WE ARE THE BISHOP’S MEN… OR ARE WE?

“We are the Bishop’s men” is a slogan that has been much used and abused throughout the history of our Congregation. Taken out of context, it has been interpreted as a reason for an Oblate to be a “jack-of-all-trades-minister” in a diocese according to the bishop’s fancies. The context in which these words were written is the key to understanding this concept.

The Vicar General of Grenoble had approached Eugene about the possibility of the Oblates coming to work in the diocese. Eugene responded by spelling out Oblate ministry clearly. Our main ministry at that moment was evangelization through parish missions, and when not doing this it was to minister to the poor whom the church was touching least, and whom society regarded as “dregs.”

In a town, during the interval between missions, our Missionaries, dedicated as they are to the service of abandoned souls, carry on a very useful ministry among the lowest classes of people. For example, in Marseilles, they care for the dregs of society, people who are at the age of 25 to 30, and have not yet made their first Holy Communion, and who do not know their God or about their souls; they instruct them carefully, and their labors have been crowned with the greatest success.

He then stresses that this ministry is done in closest communion with the local bishop, always ready to serve him – but within the parameters of our charism. On several occasions in the future, Eugene was to remove Oblates from a diocese or a particular ministry that he did not judge as being in accordance with his understanding of our charismatic vocation.

We consider the bishops as our fathers from the moment they adopt us; their diocese becomes our family, and I can state that these children of adoption witness to it before anyone by their affection and attachment. Besides, we have the consolation of seeing the Bishops give us constant unmistakable moving signs of preference.
We are the Bishop’s men; we are at his disposition at every moment of the day or night. We must live habitually under his influence.

Letter to M. Testou, Vicar General of Grenoble, 17 June 1828, EO XIII n. 68

 

“When it is obvious that the goals cannot be reached, don’t adjust the goals, adjust the action steps.”     Confucius

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1 Response to WE ARE THE BISHOP’S MEN… OR ARE WE?

  1. Eleanor Rabnett, Oblate Associate says:

    Wow – my initial reaction/response this morning is startling and reveals more about myself than I should probably admit. I thought at first of men not only being “jack-of-all-trades” as Frank puts it, but also of men “cleaning-up-after” and even “white-washing” in some cases. And that sorrows me, both the behaviour that I thought of and my own initial thoughts.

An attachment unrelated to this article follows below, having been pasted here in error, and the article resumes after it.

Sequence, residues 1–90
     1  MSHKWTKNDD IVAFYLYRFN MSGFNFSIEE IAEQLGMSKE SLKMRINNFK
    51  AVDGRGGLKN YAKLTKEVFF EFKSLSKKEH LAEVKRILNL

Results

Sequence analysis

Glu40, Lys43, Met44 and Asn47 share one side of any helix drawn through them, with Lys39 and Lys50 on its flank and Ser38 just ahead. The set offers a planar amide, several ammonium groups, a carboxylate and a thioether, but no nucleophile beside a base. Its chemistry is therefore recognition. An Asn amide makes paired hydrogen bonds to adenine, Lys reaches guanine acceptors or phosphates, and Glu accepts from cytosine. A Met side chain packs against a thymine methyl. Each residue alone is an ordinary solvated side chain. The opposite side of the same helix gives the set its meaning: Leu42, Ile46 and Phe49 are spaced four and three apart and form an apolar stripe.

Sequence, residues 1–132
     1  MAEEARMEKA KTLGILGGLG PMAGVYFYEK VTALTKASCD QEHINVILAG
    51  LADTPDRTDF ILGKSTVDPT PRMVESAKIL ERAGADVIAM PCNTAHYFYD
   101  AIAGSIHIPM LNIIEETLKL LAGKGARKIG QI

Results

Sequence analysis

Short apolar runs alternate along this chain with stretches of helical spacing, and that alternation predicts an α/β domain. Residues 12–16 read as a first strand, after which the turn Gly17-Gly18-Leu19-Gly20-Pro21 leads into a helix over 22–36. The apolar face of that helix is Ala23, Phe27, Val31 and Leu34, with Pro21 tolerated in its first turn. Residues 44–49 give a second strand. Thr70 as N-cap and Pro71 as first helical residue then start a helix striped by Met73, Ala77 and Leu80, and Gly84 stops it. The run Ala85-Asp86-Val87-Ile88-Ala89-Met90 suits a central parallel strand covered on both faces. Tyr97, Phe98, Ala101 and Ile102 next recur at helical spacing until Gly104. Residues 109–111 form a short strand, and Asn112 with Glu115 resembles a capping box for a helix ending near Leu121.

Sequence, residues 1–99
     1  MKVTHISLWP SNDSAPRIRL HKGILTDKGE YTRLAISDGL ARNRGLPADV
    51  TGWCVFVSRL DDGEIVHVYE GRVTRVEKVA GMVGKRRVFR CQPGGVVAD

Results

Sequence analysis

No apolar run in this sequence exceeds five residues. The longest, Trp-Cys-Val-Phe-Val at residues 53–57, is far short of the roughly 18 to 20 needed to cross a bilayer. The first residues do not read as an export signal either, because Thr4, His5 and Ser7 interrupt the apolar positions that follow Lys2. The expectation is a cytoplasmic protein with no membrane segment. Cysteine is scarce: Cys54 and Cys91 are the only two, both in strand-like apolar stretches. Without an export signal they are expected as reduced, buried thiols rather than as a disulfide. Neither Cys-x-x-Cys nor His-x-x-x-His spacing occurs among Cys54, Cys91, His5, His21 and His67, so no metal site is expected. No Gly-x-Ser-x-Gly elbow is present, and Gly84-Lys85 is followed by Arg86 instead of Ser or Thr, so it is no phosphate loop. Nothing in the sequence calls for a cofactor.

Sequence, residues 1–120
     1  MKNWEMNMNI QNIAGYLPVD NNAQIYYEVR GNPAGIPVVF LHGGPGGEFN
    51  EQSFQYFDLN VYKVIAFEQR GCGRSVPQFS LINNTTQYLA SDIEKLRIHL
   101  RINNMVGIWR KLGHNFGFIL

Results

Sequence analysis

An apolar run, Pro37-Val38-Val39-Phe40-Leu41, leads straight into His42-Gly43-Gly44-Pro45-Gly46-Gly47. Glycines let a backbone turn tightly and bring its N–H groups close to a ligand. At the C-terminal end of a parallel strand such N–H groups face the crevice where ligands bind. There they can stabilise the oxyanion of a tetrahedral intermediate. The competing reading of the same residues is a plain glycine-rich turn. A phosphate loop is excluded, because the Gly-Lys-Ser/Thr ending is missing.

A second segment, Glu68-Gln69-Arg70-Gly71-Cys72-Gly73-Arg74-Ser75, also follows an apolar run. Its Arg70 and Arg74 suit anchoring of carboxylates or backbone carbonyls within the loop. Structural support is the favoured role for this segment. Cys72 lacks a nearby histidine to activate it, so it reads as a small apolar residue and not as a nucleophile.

But I continued on and found myself looking at the ‘both and’ (vs one or the other). Taking in that it is not just ordinary “blind obedience” between the bishops and the Oblates, but rather as Frank says “within the parameters of our charism”. And Eugene himself writing “We consider the bishops as our fathers from the moment they adopt us; their diocese becomes our family, […] We are the Bishop’s men; we are at his disposition at every moment of the day or night. We must live habitually under his influence.” Hard to put into words – but there is here a beautiful picture of ‘letting go’ of one’s self, of trust in God and in others, of a freedom…

    As I said, at first there was a reaction that actually sorrowed me but with further reading and reflection there was within me a ‘letting go’. It was as if a big fist had been holding my heart within it’s grasp, preventing it from beating and growing. Then as this interior light dawned the fist let go and there was freedom. (And even as I write this I realize this is what I have been trying to describe as happening within me for a long time now.) I find myself again wanting to laugh and to cry. This awesome gift of life which has been given to me – in the small and the very ordinary of my morning prayer.

    I suppose this could have happened to me elsewhere, but it didn’t – it happened here, in this place. And now I get to carry it out, into my day, filled with gratitude and some more unnamed joy. There was for Eugene and the Oblates a pride that came with who they were/are, as there is for me this morning as a person, as an Oblate Associate, daughter of Eugene and it’s all wrapped up in gratitude and love.

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